Connect with us

Bridge

Red tide research, live events included in $2.3 trillion Covid relief package

Margie Manning

Published

on

Photo by Sharon McCutcheon on Unsplash

Key sectors of the Tampa-St. Petersburg economy will get a boost from a massive funding bill that’s just passed the U.S. House and Senate.

National headlines have highlighted the $900 billion in Covid-19 relief in the package, including $600 direct economic payments to individuals, extended federal unemployment assistance, another round of Paycheck Protection Program funding, and a federal moratorium on evictions through the end of January.

But it also includes funding to research red tide and other harmful algae blooms which took a bite out of the local tourism industry in 2018. It has grants for live event venues that employ hundreds of people locally and provides pay raises for the military, including the U.S. Coast Guard, which has one of its largest commands in St. Petersburg.

“I’ve always believed a budget is a statement of our priorities as a nation, and for me there is no bigger priority than hearing from my neighbors in Pinellas on what matters most to them and delivering on those issues. While this bill brings home major wins to families, veterans, and servicemembers from Clearwater to Pinellas Point, we know we must bring an end to this pandemic and build back better for our country and our communities,” Rep. Charlie Crist, D-St. Petersburg, said in a news release.

Crist and two other area members of the U.S. House — Rep. Gus Bilirakis, R-Palm Harbor and Rep. Kathy Castor, D-Tampa — voted for the $2.3 trillion measure, as did Sen. Marco Rubio, R-Florida.

Sen. Rick Scott, also a Florida Republican, was one of six U.S. senators who voted against the package.

 

Crist’s news release cited more than a dozen local concerns that will be addressed by the measure.

  • $25 million for Veteran Treatment Courts to give veterans in need access to treatment instead of jail time.
  • $13 million to research red tide and other harmful algae blooms, an increase of 30 percent from last year.
  • $1 million for a new program aimed at detecting and monitoring harmful algae blooms like red tide in the Gulf of Mexico to better prepare for and respond to algae outbreaks.
  • Continued funding for Community Health Centers like those in Clearwater, Largo and St. Pete through 2023, to provide low- and no-cost healthcare.
  • $12.84 billion to fully fund the United States Coast Guard, including a 3 percent pay raise and investments in Coast Guard infrastructure and equipment.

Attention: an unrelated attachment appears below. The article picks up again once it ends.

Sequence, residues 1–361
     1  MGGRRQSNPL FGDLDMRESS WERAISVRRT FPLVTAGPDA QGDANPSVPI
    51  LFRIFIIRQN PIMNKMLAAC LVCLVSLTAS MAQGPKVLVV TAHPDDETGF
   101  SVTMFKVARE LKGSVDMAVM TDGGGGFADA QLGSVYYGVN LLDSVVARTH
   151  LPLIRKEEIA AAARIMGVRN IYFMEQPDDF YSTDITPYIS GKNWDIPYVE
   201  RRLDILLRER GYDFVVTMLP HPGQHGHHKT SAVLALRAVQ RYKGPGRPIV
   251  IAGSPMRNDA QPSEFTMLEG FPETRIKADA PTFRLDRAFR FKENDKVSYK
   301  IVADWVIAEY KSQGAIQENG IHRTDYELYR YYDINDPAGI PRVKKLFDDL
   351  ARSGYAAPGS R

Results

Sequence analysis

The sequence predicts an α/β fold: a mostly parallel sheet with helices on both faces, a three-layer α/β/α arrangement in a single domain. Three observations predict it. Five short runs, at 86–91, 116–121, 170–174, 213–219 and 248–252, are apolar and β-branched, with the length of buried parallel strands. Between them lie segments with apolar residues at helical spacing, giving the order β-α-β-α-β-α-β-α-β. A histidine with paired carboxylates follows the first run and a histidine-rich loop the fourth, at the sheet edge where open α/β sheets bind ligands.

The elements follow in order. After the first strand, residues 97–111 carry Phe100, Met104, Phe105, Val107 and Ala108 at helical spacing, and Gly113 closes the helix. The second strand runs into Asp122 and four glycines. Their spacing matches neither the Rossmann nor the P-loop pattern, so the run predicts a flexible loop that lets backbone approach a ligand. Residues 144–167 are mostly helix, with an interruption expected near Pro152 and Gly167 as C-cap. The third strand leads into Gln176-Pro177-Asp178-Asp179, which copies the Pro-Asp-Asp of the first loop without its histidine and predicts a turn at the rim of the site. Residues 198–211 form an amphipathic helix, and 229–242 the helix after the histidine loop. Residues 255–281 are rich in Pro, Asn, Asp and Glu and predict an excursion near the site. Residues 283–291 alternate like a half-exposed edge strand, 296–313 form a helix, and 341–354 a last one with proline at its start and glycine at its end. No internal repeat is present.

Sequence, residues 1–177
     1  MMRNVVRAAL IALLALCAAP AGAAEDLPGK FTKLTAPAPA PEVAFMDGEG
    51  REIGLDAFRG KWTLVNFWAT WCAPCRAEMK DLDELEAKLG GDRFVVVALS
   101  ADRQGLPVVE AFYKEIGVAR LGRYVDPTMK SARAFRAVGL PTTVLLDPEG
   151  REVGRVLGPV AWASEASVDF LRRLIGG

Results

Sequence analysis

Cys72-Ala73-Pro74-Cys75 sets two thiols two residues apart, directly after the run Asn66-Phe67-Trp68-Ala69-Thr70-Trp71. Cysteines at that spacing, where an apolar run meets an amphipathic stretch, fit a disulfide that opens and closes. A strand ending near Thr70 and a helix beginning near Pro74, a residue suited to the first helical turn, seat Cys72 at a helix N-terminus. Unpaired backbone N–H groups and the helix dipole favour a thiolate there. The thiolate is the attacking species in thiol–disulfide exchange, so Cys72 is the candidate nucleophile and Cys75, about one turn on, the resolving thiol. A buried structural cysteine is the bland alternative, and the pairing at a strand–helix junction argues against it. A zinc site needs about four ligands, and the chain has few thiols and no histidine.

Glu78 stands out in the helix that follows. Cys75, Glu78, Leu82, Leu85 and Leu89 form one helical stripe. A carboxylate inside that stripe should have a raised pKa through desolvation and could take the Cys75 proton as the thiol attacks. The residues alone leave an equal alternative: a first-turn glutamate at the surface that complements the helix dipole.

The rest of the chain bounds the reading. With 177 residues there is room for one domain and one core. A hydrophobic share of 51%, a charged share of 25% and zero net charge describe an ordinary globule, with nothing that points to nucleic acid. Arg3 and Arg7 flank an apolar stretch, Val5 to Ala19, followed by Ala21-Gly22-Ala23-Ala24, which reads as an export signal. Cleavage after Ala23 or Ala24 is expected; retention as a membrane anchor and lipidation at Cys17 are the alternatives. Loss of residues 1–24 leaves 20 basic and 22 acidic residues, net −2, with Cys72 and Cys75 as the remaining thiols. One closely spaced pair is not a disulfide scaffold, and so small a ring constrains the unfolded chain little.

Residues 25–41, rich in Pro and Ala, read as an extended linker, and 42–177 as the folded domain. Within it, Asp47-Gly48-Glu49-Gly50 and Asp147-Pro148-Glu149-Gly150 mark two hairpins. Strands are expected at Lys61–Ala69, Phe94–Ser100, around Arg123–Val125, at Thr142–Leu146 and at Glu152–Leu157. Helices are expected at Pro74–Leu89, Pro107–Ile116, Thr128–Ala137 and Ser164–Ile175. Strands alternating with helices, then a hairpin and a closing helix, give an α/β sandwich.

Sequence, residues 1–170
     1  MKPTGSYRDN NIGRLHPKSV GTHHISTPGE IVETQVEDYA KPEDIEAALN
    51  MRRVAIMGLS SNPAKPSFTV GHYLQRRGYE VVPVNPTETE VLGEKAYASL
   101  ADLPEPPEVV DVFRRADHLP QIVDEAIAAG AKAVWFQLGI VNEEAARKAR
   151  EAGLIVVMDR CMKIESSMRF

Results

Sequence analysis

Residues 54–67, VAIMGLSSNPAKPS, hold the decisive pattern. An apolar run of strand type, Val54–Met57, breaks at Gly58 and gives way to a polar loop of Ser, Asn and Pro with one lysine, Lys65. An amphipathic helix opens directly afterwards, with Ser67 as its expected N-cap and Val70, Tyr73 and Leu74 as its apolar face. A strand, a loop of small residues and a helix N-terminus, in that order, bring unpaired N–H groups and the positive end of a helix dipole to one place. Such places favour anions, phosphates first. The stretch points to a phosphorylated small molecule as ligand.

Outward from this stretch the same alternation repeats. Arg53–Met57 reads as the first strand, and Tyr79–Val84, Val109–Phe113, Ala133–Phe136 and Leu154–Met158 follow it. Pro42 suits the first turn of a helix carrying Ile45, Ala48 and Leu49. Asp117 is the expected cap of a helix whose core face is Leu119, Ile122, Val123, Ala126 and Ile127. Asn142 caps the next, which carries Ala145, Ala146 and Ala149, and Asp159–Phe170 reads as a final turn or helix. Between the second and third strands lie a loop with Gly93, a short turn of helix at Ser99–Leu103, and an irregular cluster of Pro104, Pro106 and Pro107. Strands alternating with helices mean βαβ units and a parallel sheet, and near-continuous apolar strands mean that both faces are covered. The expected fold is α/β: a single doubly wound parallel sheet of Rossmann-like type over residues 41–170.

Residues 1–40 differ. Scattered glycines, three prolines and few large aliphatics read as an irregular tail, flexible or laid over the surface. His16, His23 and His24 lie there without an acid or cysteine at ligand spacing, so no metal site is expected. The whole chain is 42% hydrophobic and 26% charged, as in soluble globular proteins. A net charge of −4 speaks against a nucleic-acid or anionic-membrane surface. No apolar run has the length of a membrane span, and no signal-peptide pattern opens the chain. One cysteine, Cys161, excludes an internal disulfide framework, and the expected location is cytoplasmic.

• $15 billion for Save Our Stages grants for live venue, theatrical, museum and performing arts organization operators.
  • $270 million in base funding plus a $3 billion emergency Covid allocation for the Community Development Financial Institutions (CDFI) Fund, which provides affordable, accessible capital to low-income families, communities of color, and small businesses typically shut out by big banks. This includes $8.5 million for the Small Dollar Loan Program.
  •  $7 million to Tampa International Airport as part of $30 million in reimbursements to airports that purchased explosive detection equipment after 9/11 to keep passengers safe.
  • $50 million for shore protection projects to preserve coastal habitats and protect Floridians and local economies from storm surge.
  •  $3.45 billion for Community Development Block Grants with a focus on aging-friendly home modifications grants, such as installing grab bars and ramps, widening doors, and making bathtubs walk-in, in order to empower seniors who wish to age in their own homes safely and affordably.
  • $167.5 million for the National Endowment of the Arts, funding that will help support the arts community in St. Pete and across Pinellas that have been particularly hard hit by the Covid-19 pandemic.
  • $5 million for veterans to access clinical trials at National Cancer Institutes, such as Moffitt Cancer Center in Tampa.
  • $100 million for the Reintegration of Ex-Offenders Program to help returning citizens receive employment and training they would otherwise find difficult to obtain as they reenter society.
  •  $97 million for YouthBuild, to help mitigate the Pinellas car theft problem and provide training and employment to underserved, at-risk young adults.
  •  $87 billion for the Department of Transportation to tackle traffic congestion like 34th Street in Pinellas Park by including millions in grants for transportation planning, and billions in investments for highway and transit construction and improvement.
  •  $2.5 million for Regional Ocean Partnerships.
  •  $31 million to fully fund the C.W. Bill Young Cell Transplantation program for people in need of marrow or cord blood transplants.
  •  Extension of the solar tax credit for two additional years.

“This should have happened a long time ago, but politics got in the way,” Bilirakis said in a video posted on Twitter just before the final vote.

 

Continue Reading
Click to comment

Leave a Reply

Your email address will not be published. Required fields are marked *

By posting a comment, I have read, understand and agree to the Posting Guidelines.

The St. Pete Catalyst

The Catalyst honors its name by aggregating & curating the sparks that propel the St Pete engine.  It is a modern news platform, powered by community sourced content and augmented with directed coverage.  Bring your news, your perspective and your spark to the St Pete Catalyst and take your seat at the table.

Email us: spark@stpetecatalyst.com

Subscribe for Free

Share with friend

Please enter email address you want to share this article with